IP/Entertainment Law Weekly Case Update for Motion Picture Studios and Television Networks
April 2, 2008
Table of Contents
Siegel, et al. v. Warner Bros. Entertainment Inc., et al., USDC C.D. California, March 26, 2008In a 72-page opinion, the district court granted in part the plaintiffs’ motion for summary judgment on their claim that in 1999 they successfully terminated their share of the grant of copyright for the Superman character made by creators Jerome Siegel and Joseph Shuster in 1938. The court also held that the termination applied only to the domestic copyright owned by DC Comics and not to any rights DC Comics might have in the Superman character in other countries.
Click here for a copy of the full decision.
At the center of the case were a 1938 agreement in which Siegel and Shuster sold the copyright for Superman for $130, a series of subsequent agreements, payments, litigation, and settlement negotiations, and efforts by Jerome Siegel’s heirs to terminate the original 1938 grant under §304(c) of the 1976 Copyright Act.
Regarding the plaintiffs’ efforts to provide notice of termination, the court held that the effective date of the plaintiffs’ termination notice was April 16, 1999. Pursuant to the statutory timeframe contained in section 304(c), the court counted back from that date 61 years and confirmed that any statutory copyright that had been secured in any Superman material prior to April 16, 1938, would be outside the scope of the termination notices and that defendants’ copyright ownership of that material would remain unaffected. The court confirmed that the dates on the notice are precisely enforced, and that the termination periods are calculated from the exact date of publication, rather than from the end of the publication year, as is appropriate for determining copyright terms under the 1976 Act.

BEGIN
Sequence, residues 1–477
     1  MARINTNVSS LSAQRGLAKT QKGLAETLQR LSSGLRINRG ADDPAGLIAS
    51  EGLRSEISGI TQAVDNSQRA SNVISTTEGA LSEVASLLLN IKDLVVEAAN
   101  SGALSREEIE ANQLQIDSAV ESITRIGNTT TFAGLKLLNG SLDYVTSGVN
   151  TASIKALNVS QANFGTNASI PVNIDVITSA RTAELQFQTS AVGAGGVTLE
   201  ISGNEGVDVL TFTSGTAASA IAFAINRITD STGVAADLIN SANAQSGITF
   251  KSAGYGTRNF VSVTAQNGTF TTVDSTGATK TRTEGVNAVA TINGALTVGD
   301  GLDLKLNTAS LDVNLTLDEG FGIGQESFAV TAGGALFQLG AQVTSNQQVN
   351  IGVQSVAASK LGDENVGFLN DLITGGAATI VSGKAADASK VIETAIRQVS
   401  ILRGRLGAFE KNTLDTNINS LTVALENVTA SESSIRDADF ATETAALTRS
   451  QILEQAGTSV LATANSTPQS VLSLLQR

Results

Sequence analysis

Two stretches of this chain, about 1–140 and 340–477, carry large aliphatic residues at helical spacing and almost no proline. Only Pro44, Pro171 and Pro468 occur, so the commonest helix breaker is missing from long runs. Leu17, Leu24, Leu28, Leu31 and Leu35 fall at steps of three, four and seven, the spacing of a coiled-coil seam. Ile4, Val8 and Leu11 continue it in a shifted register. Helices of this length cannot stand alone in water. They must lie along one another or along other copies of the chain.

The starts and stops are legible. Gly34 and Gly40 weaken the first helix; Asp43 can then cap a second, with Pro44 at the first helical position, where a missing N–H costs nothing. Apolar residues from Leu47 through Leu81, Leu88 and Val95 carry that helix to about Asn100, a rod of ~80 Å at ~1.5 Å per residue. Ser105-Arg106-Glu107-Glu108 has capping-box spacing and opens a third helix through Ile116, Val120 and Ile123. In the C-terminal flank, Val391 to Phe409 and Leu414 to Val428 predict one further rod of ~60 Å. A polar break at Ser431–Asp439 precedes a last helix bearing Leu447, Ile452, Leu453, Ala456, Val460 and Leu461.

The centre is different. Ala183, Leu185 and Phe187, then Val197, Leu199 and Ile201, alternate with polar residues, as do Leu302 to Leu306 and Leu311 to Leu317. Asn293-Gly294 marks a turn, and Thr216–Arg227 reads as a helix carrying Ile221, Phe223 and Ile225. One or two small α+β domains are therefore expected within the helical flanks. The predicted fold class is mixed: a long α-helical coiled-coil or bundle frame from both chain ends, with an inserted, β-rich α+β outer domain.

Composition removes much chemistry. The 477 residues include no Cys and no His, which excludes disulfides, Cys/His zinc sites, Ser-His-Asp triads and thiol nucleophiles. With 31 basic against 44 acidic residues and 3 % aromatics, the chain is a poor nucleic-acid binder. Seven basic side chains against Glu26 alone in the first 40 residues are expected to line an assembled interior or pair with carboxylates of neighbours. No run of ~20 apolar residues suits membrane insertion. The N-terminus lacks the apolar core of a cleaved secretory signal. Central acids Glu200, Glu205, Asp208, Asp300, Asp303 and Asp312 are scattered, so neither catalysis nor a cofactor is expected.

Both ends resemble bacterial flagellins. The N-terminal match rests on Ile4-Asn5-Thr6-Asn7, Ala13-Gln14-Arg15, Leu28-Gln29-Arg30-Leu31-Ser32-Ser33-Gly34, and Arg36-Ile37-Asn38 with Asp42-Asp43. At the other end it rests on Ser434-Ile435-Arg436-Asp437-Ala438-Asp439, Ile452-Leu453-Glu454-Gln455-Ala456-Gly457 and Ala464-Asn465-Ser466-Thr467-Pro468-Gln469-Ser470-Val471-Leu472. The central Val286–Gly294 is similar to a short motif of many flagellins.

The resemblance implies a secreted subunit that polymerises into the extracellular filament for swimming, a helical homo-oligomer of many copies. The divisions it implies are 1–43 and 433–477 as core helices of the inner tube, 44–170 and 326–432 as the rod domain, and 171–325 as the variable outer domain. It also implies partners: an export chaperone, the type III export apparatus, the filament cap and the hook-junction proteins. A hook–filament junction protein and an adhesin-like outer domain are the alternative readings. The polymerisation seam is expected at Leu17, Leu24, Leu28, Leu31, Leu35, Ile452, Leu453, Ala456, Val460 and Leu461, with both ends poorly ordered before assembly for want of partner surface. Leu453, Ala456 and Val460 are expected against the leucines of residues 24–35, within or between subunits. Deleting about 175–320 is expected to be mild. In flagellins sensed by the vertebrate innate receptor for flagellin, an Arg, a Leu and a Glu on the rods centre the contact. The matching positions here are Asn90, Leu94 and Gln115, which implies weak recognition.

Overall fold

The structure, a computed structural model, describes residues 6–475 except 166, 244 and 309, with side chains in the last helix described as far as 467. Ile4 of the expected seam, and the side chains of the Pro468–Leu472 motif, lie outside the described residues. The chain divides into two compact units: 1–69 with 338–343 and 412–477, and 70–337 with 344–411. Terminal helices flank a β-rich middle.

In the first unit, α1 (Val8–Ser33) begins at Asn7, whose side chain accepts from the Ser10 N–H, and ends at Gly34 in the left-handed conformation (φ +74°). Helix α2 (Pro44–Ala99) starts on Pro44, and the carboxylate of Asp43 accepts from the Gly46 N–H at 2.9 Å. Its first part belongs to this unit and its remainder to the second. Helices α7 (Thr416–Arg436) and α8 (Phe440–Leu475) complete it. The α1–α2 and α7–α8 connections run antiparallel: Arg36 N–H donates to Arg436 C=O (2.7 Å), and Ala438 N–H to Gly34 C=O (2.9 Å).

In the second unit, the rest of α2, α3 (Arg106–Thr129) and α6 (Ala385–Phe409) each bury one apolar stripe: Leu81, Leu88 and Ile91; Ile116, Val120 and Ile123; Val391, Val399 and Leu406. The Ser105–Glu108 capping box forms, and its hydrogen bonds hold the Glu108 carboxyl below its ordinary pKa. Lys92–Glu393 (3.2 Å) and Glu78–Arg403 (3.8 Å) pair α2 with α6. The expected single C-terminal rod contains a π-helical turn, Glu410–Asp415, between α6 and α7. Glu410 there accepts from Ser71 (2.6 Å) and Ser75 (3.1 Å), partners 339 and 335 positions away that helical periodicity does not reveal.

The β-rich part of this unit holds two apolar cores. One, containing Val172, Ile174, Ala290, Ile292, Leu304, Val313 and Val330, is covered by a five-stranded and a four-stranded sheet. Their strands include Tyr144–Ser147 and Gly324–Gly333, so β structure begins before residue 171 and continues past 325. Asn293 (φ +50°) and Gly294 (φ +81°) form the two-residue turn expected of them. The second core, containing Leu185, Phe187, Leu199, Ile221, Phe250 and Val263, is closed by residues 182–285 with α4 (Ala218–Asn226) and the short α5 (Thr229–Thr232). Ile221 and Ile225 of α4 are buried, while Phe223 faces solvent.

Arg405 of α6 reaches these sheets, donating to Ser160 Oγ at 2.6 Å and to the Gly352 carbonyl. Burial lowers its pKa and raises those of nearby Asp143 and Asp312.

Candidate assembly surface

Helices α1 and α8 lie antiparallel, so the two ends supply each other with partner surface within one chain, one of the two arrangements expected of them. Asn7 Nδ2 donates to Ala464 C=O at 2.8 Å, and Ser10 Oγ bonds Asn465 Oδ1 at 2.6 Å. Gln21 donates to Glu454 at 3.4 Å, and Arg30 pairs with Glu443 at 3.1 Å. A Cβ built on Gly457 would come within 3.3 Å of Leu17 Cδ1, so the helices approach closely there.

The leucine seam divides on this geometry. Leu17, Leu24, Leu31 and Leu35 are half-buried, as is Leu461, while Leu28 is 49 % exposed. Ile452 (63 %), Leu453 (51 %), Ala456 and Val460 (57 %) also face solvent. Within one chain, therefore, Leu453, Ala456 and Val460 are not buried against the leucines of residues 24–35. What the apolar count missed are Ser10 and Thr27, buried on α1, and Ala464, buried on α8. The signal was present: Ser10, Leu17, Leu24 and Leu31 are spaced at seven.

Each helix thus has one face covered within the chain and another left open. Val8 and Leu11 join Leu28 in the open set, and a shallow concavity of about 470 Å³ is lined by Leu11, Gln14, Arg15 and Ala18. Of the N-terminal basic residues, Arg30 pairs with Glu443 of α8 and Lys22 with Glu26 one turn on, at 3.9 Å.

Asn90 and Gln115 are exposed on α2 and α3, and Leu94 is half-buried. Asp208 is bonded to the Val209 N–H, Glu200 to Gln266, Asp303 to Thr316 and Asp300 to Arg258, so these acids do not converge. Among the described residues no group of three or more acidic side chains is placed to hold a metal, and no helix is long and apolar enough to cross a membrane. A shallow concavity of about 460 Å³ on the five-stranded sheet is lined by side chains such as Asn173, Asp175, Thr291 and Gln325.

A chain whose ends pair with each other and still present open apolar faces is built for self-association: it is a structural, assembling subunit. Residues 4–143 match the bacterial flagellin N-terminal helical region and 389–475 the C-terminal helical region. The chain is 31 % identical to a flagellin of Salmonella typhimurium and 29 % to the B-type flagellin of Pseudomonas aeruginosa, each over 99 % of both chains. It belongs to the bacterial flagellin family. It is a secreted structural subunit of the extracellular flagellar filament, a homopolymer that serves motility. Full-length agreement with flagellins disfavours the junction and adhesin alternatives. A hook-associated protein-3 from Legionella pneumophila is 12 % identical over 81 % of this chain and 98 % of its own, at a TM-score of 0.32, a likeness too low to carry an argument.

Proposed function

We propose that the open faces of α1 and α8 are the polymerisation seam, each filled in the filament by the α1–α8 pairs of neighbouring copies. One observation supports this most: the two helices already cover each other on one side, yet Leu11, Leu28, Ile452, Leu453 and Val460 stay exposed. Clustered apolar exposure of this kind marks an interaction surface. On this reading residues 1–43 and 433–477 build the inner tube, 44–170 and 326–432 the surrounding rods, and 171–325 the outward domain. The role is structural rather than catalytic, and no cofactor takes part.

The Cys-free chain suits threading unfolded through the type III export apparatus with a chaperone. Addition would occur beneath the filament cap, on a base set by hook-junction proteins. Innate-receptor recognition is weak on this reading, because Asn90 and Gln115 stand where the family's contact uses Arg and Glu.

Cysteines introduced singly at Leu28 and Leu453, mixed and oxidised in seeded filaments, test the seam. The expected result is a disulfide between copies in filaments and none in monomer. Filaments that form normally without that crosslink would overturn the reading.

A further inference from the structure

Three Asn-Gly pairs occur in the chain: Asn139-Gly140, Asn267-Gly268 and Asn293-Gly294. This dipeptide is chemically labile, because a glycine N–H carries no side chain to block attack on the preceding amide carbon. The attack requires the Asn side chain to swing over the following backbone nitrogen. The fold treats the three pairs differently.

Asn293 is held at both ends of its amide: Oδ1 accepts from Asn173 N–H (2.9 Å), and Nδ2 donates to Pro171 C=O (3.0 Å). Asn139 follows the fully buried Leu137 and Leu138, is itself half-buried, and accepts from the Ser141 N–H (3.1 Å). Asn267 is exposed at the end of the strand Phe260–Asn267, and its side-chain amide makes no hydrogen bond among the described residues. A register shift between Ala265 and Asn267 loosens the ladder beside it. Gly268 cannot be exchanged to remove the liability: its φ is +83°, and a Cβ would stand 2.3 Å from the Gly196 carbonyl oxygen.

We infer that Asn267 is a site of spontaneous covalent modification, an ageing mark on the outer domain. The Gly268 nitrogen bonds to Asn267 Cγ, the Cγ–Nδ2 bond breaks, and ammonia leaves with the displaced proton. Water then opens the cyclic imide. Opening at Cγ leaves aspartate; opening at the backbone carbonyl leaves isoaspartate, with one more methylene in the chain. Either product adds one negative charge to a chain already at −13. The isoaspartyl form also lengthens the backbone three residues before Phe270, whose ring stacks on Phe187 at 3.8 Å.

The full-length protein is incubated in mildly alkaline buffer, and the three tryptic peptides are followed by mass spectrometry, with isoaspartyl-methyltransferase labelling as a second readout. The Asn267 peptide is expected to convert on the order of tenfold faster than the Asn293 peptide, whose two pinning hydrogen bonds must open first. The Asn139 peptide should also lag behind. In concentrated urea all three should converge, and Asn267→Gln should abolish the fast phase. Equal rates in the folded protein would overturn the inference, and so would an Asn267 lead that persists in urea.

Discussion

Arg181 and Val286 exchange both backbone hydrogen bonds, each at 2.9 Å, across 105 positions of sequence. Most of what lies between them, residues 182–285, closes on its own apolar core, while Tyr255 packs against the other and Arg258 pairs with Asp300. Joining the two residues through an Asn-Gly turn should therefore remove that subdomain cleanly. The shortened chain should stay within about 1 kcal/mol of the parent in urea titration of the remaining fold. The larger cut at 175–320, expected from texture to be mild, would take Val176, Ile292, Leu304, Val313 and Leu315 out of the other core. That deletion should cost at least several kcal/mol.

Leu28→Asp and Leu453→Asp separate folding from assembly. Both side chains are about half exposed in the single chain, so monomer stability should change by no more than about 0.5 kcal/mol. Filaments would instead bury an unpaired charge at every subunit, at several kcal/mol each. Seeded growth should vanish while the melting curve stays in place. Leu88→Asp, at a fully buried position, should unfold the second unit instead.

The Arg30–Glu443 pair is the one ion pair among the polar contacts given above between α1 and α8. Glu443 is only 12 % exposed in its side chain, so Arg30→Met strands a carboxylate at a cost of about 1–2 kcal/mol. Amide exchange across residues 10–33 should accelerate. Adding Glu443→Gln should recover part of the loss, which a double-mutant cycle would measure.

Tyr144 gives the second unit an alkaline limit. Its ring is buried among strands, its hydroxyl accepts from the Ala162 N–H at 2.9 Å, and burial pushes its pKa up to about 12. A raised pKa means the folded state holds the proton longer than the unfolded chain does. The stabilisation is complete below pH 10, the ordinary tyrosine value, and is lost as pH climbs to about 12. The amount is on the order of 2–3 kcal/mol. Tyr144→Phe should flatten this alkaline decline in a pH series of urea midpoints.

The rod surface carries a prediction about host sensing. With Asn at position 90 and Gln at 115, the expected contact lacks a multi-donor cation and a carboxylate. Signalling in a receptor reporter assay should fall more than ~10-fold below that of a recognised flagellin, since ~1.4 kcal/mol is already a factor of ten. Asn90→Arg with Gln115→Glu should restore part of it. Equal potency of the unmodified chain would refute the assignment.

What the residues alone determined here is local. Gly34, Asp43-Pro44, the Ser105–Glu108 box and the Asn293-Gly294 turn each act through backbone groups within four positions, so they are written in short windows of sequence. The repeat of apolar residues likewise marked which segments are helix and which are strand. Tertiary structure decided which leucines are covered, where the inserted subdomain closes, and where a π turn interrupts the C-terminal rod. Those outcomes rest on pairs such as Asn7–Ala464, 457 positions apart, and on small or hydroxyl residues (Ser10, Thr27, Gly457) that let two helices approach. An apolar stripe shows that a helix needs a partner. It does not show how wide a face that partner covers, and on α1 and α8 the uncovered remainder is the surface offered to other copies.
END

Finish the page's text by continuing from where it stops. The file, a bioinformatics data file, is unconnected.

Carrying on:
At issue were two single-page “promotional announcements” that appeared in two comics, Detective Comics and More Fun Comics, allegedly published prior to the comic in which Superman was first presented, Action Comics, Vol. 1. The promotional announcements consisted of a black-and-white copy of the front cover of the Action Comics depicting Superman lifting a car.
The defendants relied upon the dates of publication contained in the initial term copyright registrations for each of the two prior comics, placing the promotional announcements outside the scope of the plaintiffs’ termination notice. The court rejected the plaintiffs’ argument that, at least with respect to one of the comics, the usual prima facie presumption of the facts stated in the registration certificate should not apply because the registration was not applied for until 28 years after publication. The court held that the statute did not provide for any such limitation on the presumption, nor did any case law.
The plaintiffs also tried to rebut the evidentiary presumption of the accuracy of the date of publication by presenting the testimony of an expert in the comics industry, who had previously been hired by DC Comics to help them establish publication dates for copyright registration certificates. The expert testified that the dates in the copyright applications were usually “mere guesstimates.” The court considered the testimony insufficient because it did not provide any evidence that the publication date in the specific registrations at hand were not accurate.
The court held that the front cover of Action Comics, Volume 1 was first published prior to April 16, 1938, and, therefore, that whatever copyrightable material was included in that cover remained unaffected by the termination. The court reviewed the cover in the promotional announcement and concluded that the defendants can continue to exploit “the image of a person with extraordinary strength who wears a black-and-white leotard and cape.”
The defendants had claimed that portions of Action Comics, Volume 1 were a work made for hire for Detective Comics and thus were not subject to termination. The court, however, held that the defendants were collaterally estopped from making such arguments by virtue of their prior litigation with Siegel and Shuster and the final judgment entered by the Second Circuit in 1974.